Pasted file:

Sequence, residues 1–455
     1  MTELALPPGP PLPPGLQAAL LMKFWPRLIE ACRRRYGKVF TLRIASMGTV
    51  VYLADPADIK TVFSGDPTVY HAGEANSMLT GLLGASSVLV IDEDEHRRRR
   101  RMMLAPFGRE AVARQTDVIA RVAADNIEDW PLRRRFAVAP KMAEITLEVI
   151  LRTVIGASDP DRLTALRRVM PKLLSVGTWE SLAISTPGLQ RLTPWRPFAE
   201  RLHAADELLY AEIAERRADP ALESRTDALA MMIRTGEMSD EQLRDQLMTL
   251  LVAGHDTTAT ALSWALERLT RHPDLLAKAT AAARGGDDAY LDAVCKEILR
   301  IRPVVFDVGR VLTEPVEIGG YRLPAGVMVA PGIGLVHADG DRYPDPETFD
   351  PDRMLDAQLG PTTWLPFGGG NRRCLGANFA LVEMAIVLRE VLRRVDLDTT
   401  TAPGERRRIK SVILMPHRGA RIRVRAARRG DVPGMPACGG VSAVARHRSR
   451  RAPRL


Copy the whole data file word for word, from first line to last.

Sequence, residues 1–455
     1  MTELALPPGP PLPPGLQAAL LMKFWPRLIE ACRRRYGKVF TLRIASMGTV
    51  VYLADPADIK TVFSGDPTVY HAGEANSMLT GLLGASSVLV IDEDEHRRRR
   101  RMMLAPFGRE AVARQTDVIA RVAADNIEDW PLRRRFAVAP KMAEITLEVI
   151  LRTVIGASDP DRLTALRRVM PKLLSVGTWE SLAISTPGLQ RLTPWRPFAE
   201  RLHAADELLY AEIAERRADP ALESRTDALA MMIRTGEMSD EQLRDQLMTL
   251  LVAGHDTTAT ALSWALERLT RHPDLLAKAT AAARGGDDAY LDAVCKEILR
   301  IRPVVFDVGR VLTEPVEIGG YRLPAGVMVA PGIGLVHADG DRYPDPETFD
   351  PDRMLDAQLG PTTWLPFGGG NRRCLGANFA LVEMAIVLRE VLRRVDLDTT
   401  TAPGERRRIK SVILMPHRGA RIRVRAARRG DVPGMPACGG VSAVARHRSR
   451  RAPRL